Two pronged horns that grow in a 'V' formation, ending in sharp points.
Two thick, squat horns that end in a jagged shape at the tips. Although it looks like a notch may have been taken out of them, these horns naturally grow into this shape.
A set of four horns that adorn the top of a babs head, usually two and two, one set larger than the other, although all four can be the same size.
Two sizable horns that begin to wobble early into their growth stages, ending in an unusual shape once the bab reaches adulthood.
A pair of horns that grow upwards and forwards, gaining a gentle sway as it grows. These horns bring to mind the hooded cap of a jester at times.
A pair of bulbous horns that gained the nickname "turnips" due to the unusual prongs that sprout from the tops.
A pair of two pronged horns where one side is longer than the other. Ending in bulbs, these horns give a softer appearance to their bearer.
A pair of horns that grow up, and curve back towards the ears, thicker at the tips, they come with a shorter prong at the front. A gentle horn style.
A pair of horns that curve pleasantly as they grow tall, with a single large prong branching off the base horn. A smaller nub can also accompany the larger branch.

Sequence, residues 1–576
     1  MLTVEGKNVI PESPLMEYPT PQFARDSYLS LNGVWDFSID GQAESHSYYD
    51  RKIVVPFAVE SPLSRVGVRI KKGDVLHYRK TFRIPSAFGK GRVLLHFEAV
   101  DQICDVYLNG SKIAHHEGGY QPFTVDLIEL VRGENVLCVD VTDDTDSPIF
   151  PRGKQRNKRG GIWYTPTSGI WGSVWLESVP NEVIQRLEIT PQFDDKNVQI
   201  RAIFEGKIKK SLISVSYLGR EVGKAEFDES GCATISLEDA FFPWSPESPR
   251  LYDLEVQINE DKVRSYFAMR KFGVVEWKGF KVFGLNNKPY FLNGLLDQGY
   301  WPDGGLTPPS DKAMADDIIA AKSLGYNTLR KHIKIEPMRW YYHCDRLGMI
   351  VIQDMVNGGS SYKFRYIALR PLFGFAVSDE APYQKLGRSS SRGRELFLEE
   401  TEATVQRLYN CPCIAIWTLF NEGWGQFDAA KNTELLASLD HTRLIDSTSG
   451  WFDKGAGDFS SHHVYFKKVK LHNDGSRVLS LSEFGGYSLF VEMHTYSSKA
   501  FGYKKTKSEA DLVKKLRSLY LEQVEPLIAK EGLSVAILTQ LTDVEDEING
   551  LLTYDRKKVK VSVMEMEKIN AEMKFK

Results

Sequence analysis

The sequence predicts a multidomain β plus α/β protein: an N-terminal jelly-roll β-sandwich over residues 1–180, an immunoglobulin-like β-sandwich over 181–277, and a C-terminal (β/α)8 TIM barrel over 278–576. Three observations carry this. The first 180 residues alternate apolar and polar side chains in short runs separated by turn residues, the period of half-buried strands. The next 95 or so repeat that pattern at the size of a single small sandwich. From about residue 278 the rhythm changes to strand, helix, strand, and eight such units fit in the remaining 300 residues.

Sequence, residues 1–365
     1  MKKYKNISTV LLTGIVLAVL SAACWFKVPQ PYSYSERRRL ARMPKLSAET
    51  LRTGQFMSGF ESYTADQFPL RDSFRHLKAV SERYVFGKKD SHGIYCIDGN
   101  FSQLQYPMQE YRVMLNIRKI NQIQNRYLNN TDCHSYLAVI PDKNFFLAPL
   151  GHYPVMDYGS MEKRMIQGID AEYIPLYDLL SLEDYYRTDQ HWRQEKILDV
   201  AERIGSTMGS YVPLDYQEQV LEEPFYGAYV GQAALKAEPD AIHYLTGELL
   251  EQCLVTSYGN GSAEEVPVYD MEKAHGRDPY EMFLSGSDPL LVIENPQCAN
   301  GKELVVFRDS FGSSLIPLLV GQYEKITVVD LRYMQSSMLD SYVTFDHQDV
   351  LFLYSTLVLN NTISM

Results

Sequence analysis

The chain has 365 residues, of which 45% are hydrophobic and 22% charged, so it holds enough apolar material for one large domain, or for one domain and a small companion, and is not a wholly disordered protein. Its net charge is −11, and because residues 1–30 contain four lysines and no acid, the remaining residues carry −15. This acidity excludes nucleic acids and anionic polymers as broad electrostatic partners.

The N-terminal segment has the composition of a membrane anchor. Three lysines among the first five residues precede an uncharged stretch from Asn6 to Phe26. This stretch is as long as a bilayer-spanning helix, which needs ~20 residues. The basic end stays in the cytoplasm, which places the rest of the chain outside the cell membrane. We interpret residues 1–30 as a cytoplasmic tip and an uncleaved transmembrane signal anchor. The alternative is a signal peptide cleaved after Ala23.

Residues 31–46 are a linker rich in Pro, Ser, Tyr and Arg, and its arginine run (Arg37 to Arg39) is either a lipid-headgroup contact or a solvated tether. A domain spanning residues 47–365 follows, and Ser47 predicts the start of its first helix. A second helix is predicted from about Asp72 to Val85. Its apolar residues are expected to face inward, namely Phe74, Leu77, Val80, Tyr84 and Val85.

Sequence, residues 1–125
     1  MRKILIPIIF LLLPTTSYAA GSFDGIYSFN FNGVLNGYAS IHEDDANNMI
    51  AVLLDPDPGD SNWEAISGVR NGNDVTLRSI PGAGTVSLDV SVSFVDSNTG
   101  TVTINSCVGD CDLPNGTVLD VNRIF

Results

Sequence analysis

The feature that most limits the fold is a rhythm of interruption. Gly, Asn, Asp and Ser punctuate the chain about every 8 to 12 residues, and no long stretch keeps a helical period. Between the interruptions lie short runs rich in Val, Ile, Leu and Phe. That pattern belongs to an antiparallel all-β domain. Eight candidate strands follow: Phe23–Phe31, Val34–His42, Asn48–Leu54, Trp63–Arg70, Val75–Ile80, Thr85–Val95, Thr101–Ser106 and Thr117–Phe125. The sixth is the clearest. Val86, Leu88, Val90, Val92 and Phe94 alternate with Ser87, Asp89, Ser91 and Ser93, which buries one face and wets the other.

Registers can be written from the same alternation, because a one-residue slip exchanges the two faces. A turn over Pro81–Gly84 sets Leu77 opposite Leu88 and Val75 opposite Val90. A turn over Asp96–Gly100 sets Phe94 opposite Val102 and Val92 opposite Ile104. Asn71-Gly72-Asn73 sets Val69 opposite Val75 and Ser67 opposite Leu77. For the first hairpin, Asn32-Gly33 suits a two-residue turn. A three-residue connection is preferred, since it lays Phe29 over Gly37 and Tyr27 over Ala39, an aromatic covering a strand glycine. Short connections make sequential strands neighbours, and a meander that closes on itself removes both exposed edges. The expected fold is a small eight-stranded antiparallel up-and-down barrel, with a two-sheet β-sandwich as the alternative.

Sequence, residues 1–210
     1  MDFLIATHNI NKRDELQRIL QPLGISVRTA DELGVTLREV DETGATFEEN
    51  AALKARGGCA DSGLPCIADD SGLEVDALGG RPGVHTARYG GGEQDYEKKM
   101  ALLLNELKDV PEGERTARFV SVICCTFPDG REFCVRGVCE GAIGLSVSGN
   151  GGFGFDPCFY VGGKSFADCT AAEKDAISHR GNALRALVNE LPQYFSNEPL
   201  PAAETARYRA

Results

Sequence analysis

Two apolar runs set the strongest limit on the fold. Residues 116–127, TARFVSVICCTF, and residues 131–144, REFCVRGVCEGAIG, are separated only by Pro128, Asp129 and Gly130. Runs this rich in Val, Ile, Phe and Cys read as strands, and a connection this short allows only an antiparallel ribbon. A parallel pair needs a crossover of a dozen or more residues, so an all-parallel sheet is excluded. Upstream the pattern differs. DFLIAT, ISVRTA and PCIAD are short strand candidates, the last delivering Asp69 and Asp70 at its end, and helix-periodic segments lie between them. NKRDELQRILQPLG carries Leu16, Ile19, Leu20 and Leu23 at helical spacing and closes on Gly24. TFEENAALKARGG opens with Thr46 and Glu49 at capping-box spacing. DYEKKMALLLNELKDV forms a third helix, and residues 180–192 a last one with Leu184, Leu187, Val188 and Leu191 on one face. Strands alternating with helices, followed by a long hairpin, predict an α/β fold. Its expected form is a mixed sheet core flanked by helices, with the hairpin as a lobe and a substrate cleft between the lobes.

A pair of horns that are thicker at the base, growing thinner at the mid point. They're said to resemble little bottles.
Two solid, upward facing horns that split along their growth, ending in two pincer like points.
A gently curving pair of horns that, somewhere along their base, gain a smaller prong that grows against the natural shape.
Sometimes a babs natural horns gain an unusual defect where the ends of them split and grow apart. Often seen as a blemish to a perectly servicable pair of horns, they've gained a rather mean-spirited nickname.
A pair of horns that grow from the cheek line, growing upward and curling back towards the ears. These horns frame the face delicately, and give the bearer a more whimsical appearance.
A pair of peculiar horns that are thinner at the base, curving forward and ending in a bulb, giving the feeling of buggy antennas.
A single, proud horn that swirls from base to tip. The beginnings of something whimsical.
A pair of rather sizable horns that curl in a loose spiral as they grow.
A pair of tightly swirled horns that grow in a cone shape. If you were to unwind these horns something tells me they'd be deceptively long.
A set of 3 - 5 horns that adorn a babs head, in a simple 'V' formation. These horns are often small and squat, and give a princely look to the bab that bears them.
Absolutely no horns whatsoever! Where'd they go?